Had COVID-19 not struck the world in 2020, Diplo’s May 2020-released country-themed dance-pop album “Diplo Presents Thomas Wesley, Chapter 1: Snake Oil” — alongside a DJ set at a canceled Stagecoach Festival — could’ve sparked unprecedented EDM-to-pop-to-country superstardom much sooner.
The album features artists seemingly much more comfortable in bridging pop and country, including Blanco Brown (“Do Si Do”), Lil Nas X and Billy Ray Cyrus (a double-diamond success propelling remix of “Old Town Road”), plus names including the Jonas Brothers and rap star Young Thug.
However, the album’s two largest hits were two songs favored by streaming radio and DSPs as COVID wore long into the year — the Morgan Wallen collaboration “Heartless,” as well as Thomas Rhett’s unlikely pairing with Young Thug for “Dance With Me.”
“So many people worked with me in country music because they had nothing to lose. Also, so many people in Nashville, because it’s so guarded against ‘outsiders’ like me — and I won’t mention any names — won’t work with me because they won’t sing over electronic music.”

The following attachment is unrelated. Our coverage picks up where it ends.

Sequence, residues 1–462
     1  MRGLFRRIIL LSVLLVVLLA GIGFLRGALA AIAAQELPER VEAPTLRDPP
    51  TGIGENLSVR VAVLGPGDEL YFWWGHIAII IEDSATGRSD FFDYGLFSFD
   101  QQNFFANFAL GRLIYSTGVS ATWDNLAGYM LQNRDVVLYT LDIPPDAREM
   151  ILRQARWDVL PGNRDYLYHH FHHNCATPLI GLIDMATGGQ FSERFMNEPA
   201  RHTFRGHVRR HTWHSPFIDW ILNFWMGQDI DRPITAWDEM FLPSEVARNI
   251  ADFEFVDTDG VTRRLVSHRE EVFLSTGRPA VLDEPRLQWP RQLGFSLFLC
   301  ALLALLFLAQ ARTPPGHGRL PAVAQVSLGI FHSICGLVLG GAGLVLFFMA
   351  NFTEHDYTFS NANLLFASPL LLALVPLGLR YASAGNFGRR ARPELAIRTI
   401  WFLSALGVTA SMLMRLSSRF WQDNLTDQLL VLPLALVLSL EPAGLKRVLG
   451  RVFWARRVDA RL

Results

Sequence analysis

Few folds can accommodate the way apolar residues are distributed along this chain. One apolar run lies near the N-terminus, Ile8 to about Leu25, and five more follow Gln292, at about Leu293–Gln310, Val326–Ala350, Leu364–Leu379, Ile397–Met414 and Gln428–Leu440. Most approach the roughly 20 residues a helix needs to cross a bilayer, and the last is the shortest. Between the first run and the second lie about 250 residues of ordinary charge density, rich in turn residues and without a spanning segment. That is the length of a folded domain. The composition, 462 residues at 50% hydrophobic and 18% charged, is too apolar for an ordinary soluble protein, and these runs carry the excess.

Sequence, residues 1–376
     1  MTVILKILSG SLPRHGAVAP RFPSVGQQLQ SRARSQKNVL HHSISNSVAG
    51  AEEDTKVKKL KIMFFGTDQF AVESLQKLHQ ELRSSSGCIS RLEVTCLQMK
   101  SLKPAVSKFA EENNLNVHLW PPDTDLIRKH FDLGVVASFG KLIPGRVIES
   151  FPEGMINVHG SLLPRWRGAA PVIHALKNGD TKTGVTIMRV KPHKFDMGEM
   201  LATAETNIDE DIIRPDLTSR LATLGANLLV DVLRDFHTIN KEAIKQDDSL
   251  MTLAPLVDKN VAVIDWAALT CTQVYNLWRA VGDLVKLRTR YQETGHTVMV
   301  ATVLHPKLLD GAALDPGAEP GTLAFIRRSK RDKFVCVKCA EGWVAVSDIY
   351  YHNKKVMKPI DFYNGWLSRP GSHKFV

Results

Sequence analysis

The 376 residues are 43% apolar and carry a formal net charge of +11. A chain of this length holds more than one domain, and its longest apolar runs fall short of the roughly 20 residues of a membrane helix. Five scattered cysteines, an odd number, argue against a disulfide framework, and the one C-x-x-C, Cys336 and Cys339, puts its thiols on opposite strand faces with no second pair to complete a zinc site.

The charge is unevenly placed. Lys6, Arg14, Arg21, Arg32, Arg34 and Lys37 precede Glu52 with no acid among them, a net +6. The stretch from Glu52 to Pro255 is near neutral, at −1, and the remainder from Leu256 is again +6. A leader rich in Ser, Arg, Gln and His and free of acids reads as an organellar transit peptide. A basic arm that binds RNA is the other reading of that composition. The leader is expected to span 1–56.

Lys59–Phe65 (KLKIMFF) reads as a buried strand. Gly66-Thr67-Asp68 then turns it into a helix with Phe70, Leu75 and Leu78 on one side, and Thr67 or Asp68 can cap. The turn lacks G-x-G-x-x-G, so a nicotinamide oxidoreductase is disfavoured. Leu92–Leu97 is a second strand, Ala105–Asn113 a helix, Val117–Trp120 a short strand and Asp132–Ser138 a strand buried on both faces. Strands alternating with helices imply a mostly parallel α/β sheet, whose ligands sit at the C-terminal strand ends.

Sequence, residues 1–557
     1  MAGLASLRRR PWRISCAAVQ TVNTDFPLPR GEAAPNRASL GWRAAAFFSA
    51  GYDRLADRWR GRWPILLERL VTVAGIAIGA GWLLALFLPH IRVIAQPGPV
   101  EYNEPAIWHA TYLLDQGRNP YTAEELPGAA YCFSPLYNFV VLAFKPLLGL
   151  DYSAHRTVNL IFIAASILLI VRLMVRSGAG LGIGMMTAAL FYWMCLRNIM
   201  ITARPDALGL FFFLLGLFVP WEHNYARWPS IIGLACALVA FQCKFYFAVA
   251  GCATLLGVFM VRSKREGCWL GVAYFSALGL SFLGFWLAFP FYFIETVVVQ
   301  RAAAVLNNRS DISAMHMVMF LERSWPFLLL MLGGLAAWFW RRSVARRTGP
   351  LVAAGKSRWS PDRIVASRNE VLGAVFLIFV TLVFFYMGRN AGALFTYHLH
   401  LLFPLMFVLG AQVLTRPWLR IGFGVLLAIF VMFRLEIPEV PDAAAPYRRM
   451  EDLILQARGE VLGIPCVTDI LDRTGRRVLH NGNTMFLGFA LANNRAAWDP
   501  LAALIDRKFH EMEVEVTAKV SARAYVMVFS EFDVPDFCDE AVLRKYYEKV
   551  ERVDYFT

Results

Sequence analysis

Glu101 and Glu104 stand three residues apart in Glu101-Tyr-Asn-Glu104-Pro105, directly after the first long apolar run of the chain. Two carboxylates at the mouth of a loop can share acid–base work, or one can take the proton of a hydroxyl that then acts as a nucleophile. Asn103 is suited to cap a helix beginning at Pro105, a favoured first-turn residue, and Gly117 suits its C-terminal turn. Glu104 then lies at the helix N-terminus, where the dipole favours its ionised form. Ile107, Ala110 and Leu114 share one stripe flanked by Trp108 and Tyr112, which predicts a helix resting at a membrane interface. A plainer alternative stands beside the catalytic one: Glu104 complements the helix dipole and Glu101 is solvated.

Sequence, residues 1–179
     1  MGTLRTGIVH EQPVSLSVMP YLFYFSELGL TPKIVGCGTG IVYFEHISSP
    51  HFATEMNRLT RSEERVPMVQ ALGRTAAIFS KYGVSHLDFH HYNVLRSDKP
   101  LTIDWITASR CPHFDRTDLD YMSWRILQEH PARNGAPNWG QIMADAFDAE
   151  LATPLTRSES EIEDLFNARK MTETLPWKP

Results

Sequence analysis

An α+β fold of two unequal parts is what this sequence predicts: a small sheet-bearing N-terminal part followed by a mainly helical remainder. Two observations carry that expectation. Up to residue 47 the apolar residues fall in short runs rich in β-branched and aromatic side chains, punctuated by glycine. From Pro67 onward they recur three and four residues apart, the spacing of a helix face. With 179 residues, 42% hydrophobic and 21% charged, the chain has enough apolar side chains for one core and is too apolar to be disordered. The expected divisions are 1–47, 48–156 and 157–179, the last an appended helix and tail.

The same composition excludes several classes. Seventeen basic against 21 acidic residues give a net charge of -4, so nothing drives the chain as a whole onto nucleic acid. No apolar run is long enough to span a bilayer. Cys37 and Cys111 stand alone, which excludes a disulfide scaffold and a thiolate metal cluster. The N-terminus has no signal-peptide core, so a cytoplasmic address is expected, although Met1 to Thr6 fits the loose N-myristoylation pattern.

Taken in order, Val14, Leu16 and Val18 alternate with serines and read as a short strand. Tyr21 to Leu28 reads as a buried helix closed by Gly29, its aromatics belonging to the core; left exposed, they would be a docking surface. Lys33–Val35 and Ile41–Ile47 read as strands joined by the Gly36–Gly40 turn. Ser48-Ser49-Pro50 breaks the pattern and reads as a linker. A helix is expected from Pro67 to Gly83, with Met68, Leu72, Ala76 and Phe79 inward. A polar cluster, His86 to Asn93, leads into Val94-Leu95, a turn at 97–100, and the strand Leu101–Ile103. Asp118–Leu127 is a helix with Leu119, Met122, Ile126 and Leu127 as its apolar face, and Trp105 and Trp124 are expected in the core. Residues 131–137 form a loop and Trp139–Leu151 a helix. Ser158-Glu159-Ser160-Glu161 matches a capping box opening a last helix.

Continuing, he offers a reflection on his collaborator Wallen’s evident comfort with country and soulful trap’s ballad-driven interweaving (between 2020’s “Heartless” and 2022’s Lil Durk collaboration “Broadway Girls,” he’s shown surprising ease in navigating the stylistic cross-section).
“Guys like Morgan grew up driving pickup trucks and listening to hip-hop. To some, a redneck singing on a beat that could also be for [hip-hop superstar] Future sounds forced. But Morgan listens to Moneybagg Yo while playing 18 rounds of golf. He’s different.”
When asked who are artists he wishes he could work with — alive or dead — in the future, his list offers a sense of just how broad his influence in the genre could reach:
Outlaw icon Waylon Jennings, current country chart-topper Luke Combs and rockabilly pioneer Wanda Jackson.